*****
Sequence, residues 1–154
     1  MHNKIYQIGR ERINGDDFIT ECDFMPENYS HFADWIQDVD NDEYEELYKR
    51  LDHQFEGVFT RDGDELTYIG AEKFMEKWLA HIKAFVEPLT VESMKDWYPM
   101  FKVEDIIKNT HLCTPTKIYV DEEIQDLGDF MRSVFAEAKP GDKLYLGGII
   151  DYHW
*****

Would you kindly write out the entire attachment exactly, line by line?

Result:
Sequence, residues 1–154
     1  MHNKIYQIGR ERINGDDFIT ECDFMPENYS HFADWIQDVD NDEYEELYKR
    51  LDHQFEGVFT RDGDELTYIG AEKFMEKWLA HIKAFVEPLT VESMKDWYPM
   101  FKVEDIIKNT HLCTPTKIYV DEEIQDLGDF MRSVFAEAKP GDKLYLGGII
   151  DYHW